Tag Archives: millennial classroom

What? Are we still talking about how to teach Millennials?

Some topics seem to draw people in and one that keeps resurfacing is “who are today’s students?” There doesn’t seem to be a shortage of articles, books, blogs, advice… lots of ways to help us adjust to the students in our classrooms. In some respects, I am reluctant to join the chorus that could be stereotyping students and suggesting that the Millennials* (people born between 1982 and 2004 or thereabouts) are so perplexing that it takes experts’ advice to be effective with the kids these days. I am, however, a firm believer in the importance of knowing your audience and that does take going beyond assessing their prior knowledge. What makes Millennials tick and how can we better reach them in our classes? A wealth of information that describes this generation exists, but there is far less published on how their characteristics impact teaching and learning processes.

I was fortunate to have the opportunity to dig deeper into the literature on Millennials because last semester Crystal Ramsay and I provided two departmental seminars on Millennials students. In those seminars we addressed instructional concerns identified by the faculty that included the following: texting/cell phones in class; class attendance issues; feelings of entitlement (deserve a trophy for showing up); not taking responsibilities for their actions and blaming others; not taking charge of their education; and pretending that they get A’s in all of their classes since I’m the only one handing out lower grades.  Do any sound familiar to you?  

On January 19th, we revisited this topic by offering a session for all of Penn State faculty called Teaching Millennials: Engaging Our Students with Instructional Strategies. In this session, we began with a quick reflection on generational markers and characteristics – we all bring ourselves into a teaching and learning situation and our characteristics influence how we respond.  You might like taking the “How Millennial are You?” quiz at the Pew Research Center site.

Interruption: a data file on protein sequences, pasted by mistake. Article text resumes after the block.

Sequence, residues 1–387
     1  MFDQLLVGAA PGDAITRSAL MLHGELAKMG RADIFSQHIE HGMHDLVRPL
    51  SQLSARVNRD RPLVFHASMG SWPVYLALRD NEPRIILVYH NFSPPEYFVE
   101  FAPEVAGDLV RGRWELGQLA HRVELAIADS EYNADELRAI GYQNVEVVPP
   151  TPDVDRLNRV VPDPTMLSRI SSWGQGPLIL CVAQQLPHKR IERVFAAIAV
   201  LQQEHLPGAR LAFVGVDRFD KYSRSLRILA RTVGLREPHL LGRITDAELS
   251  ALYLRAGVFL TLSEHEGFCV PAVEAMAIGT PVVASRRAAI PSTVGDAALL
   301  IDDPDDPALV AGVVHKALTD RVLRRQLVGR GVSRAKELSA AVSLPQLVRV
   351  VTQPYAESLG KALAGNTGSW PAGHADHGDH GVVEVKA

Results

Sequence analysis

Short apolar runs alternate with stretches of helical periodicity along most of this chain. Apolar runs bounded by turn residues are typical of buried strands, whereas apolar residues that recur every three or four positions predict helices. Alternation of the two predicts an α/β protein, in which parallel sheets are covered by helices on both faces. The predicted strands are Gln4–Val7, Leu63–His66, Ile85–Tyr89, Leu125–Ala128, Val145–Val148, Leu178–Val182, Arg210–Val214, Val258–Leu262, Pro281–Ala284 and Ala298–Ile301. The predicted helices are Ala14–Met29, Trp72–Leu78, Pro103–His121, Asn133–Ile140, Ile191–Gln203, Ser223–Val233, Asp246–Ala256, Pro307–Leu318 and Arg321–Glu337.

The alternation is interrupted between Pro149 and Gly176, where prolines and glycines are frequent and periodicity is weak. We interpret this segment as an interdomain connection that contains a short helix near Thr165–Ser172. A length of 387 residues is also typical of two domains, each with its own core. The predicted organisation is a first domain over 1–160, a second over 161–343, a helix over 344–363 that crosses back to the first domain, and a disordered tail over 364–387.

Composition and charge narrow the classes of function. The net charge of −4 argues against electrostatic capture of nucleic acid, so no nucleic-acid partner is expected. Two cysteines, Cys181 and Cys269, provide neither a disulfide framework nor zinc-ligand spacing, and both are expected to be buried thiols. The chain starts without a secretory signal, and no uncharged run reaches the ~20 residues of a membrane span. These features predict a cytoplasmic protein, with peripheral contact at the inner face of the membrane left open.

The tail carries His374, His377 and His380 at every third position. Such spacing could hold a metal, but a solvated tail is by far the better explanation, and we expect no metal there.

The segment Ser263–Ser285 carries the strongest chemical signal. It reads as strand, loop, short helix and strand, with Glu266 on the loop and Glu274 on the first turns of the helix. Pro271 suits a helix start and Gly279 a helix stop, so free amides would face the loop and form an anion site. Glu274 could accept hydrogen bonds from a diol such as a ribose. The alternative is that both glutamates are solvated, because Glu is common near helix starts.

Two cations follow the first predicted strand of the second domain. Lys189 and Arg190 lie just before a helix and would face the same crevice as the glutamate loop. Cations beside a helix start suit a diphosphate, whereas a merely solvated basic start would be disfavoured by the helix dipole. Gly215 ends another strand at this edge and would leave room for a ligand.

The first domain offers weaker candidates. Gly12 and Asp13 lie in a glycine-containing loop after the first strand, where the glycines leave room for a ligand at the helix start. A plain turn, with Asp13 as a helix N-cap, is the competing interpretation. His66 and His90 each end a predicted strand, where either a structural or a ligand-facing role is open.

While at the Pew site, try and spend some time on their “Millennials: A Portrait of Generation Next” that provides a deeper look at their behaviors, values, and opinions. Another useful resource on the influences that impact Millennials can be found in “The Information-Age Mindset: Changes in Students and Implications for Higher Education.”

A quick read that suggests initial findings as to what do with Millennials in your classrooms is called, “Why Don’t My Students Think I’m Groovy?: The New R’s for Engaging Millennial Learners”  while another perspective suggests that Millennials need variety in our classrooms.  For some specific instructional issues, you might like to look at a study that addresses “does their low tolerance for boredom make the lecture method less effective?” (Roehling, P.V, et. al. (2011). Engaging the millennial generation in class discussions. College Teaching, 59 (1), 1-6.) as well as another study that looks at how psychological traits influence their learning (Stewart, K.D. & Berhardt, K.D. (2010). Comparing millennials to pre-1987 students and with one another. North American Journal of Psychology, 12 (3), 579-602). There is so much to sort through and decide if it is relevant to you and how you teach and learn with Millennials. Please join in and share with us. I’m finding this is a conversation that gets better as we go along.


Teaching “Millennial” Students: Why are faculty so interested?

The Schreyer Institute has hosted, co-hosted, and facilitated invited programs on teaching “Millennial Students,” every one of which has attacked relatively large numbers of faculty.  Yesterday, we hosted another seminar on this topic.  Our guest speaker, Dr. Kathy Schmidt, asked how many faculty found the characterizations useful or helpful for teaching.  Only a few faculty stood up for the generational classifications, others indicated that they were skeptical or unconvinced.